Individual Periodisation




A case study.

Player X is a first year U19 in Norway. A season in Norway lasts from January until October. The pre – season starts in January until April and league games are played between April and October. At his previous club he played as an elite player in the U15 and U16 age group. Here he trained 4 times a week as well as 1 game in the regular season. In those two seasons he didn’t play a lot because of recurring injuries.

At his new club he started to train with both the U19 squad and the 1st team squad. As he was used to this demand (at least the U19 coaches thought) they let him continue to do so. He trained in January and half of February from Monday to Thursday, so four days in a row. Already in the first sessions of pre – season the coaching staff of the U19’s saw that he was an explosive player. In the middle of February he got injured. The medical staff at the new club found out that he had been injured numerous times at his former club.

When a player has several injuries over a two year period one of the aspects to be looked into is his workload. As often in the case of football, players in a team are forced to do the same workload as each other. This approach to training means injuries are always just about to happen. Every injury must be approached individually. Some players need a structurally lower workload and others a temporary lower workload. As mentioned in the injury prevention Blog many more questions have to answered before you come to a decision. In this case the medical staff opted for a structurally lower workload. They did this for two reasons: 1. An explosive player. 2. Injury history. The player decided only to play for the U19’s team. This would give him a bigger chance to ensure continuity in both training and game time.

A team should have a structured plan to work from, a reference. If you work via a structured plan it will be much easier to implement individual workload within this plan. Your plan is of course only a tool. Every day you can encounter situations which force you to deviate from your plan. It is easier to deviate from a plan then from chaos. In this plan you implement periodisation principles.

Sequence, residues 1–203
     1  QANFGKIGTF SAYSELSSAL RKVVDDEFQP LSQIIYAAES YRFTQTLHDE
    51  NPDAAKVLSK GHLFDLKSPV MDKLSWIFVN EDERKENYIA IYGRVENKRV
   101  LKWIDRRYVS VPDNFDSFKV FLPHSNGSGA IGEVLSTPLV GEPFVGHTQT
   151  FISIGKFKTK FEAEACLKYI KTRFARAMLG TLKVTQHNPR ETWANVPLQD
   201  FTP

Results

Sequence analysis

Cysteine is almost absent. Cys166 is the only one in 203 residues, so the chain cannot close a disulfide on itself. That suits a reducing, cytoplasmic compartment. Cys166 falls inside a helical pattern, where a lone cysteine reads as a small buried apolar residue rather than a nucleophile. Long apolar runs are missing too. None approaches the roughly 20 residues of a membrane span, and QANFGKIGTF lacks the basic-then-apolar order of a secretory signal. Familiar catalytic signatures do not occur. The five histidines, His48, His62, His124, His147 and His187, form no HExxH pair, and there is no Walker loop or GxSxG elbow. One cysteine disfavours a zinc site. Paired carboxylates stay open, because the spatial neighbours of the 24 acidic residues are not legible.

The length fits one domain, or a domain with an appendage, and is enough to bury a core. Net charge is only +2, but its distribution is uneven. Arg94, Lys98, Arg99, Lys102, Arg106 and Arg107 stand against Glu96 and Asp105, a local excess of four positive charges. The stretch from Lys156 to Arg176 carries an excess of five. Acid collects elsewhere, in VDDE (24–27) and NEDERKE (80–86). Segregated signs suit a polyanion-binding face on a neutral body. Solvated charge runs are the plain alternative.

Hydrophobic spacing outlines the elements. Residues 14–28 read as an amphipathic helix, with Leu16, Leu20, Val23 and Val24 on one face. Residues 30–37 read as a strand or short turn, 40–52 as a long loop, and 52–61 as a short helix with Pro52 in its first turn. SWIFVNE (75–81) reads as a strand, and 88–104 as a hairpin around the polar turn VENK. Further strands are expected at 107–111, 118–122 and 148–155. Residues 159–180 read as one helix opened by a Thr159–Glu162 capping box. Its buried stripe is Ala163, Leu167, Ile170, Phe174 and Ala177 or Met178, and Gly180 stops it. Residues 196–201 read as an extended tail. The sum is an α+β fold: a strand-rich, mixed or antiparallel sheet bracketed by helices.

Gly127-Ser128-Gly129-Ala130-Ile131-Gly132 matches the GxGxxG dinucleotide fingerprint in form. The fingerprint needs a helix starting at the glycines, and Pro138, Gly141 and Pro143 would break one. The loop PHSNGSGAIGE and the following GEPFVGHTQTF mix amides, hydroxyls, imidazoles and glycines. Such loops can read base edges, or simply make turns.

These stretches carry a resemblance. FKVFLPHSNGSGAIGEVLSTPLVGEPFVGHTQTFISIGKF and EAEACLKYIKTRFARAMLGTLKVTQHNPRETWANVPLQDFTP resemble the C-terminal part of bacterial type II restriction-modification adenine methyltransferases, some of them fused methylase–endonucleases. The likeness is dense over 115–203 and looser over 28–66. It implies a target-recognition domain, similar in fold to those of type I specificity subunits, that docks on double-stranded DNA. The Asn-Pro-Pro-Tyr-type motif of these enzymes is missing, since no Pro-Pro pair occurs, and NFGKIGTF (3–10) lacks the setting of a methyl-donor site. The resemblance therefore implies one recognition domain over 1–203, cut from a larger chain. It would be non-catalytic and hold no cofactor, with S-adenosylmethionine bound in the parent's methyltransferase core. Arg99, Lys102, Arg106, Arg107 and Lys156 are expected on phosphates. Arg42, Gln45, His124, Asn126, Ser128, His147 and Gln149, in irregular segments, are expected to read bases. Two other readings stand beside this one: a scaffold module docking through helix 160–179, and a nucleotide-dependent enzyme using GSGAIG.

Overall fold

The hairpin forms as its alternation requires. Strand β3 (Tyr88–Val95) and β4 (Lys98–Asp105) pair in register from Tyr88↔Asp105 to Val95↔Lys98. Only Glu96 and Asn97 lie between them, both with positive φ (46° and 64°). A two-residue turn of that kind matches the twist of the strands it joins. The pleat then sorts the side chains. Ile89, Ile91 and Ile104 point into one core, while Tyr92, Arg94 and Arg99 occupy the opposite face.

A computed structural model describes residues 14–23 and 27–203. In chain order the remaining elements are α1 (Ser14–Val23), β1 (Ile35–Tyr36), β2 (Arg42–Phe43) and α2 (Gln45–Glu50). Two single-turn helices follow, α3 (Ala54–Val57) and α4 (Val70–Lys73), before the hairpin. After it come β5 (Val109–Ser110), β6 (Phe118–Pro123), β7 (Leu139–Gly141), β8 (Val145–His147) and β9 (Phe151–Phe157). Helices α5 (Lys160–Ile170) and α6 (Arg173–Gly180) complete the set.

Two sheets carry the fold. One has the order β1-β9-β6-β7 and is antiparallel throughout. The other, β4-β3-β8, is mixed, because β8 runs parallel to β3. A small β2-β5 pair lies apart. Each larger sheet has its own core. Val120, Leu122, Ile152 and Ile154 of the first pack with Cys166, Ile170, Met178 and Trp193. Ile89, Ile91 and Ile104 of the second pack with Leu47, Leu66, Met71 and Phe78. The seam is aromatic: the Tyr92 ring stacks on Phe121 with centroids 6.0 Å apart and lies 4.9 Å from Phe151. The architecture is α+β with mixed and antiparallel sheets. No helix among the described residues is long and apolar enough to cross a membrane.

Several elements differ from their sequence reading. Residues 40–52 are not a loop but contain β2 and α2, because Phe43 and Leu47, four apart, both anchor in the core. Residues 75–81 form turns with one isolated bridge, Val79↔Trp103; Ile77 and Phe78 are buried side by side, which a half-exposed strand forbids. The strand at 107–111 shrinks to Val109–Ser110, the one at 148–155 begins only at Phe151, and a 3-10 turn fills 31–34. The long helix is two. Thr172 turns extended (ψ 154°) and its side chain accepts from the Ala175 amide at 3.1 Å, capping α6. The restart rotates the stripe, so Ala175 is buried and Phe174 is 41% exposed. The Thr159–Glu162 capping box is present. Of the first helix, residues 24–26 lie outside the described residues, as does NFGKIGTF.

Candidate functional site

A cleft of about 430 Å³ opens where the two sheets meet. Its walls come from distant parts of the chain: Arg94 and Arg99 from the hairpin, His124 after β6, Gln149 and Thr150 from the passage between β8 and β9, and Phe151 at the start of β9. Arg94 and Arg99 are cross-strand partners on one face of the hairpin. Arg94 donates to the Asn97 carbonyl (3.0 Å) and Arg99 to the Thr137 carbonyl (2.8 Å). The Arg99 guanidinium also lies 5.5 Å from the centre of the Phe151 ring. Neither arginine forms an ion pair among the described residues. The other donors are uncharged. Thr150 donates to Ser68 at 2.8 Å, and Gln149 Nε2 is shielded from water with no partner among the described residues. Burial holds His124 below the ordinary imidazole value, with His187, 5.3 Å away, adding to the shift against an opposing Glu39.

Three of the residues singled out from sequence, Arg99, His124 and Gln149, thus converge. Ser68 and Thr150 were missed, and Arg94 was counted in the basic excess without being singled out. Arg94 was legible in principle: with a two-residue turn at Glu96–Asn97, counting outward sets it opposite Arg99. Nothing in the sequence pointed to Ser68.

Two of them are:
– After a game you need at least 48hrs to recover.
– Before the next game you must reduce the volume but keep the intensity within the sessions.

Coming back from an injury means that your body gradually becomes introduced to a higher workload. You accumulate more fatigue while playing a game after coming back from an injury, then a fully fit player. This means that you need more recovery time. Therefore periodization principles should be known by all coaches. They will help you to keep your players on the pitch.

– A player mostly injured for the last two years before joining new club.
– An explosive player.
– Coming from Elite U16 environment.
– At old club 4 sessions + 1 game.

At the new club after talking with medical staff:
– Rehab training with physiotherapist on site.
– From four to two sessions a week (same as team).
– In sessions close to games he is taken out early.
– Participation within team sessions where possible (build up from the warm up to the passing exercise, then on to possession exercises and games within sessions of the rehab phrase.
– Game minutes introduced while not yet training fully.
– Build up game minutes 45′, 70′, 90′

Every player should be individually assessed to be able to plan a optimal workload. Some players are more at risk because of injury history, former level of play, type of player and we should therefore consider a structural or temporary lower workload.
The ideal situation for the coaching staff is to have every player available at every session. This increases your chance of success in the long run. If this means that some players will train a little less, then so be it. When this player scores you a goal a game, you probably won’t mind.

As mentioned before, we can’t prevent all injuries in football, but we can go a long way by doing the simple things right. Is the aforementioned solution, THE solution? No, but for this player in question it was. Because it all depends.

N.B since his first 90 minute game at the end of March, this player has been playing every game.

Thanks for sharing.

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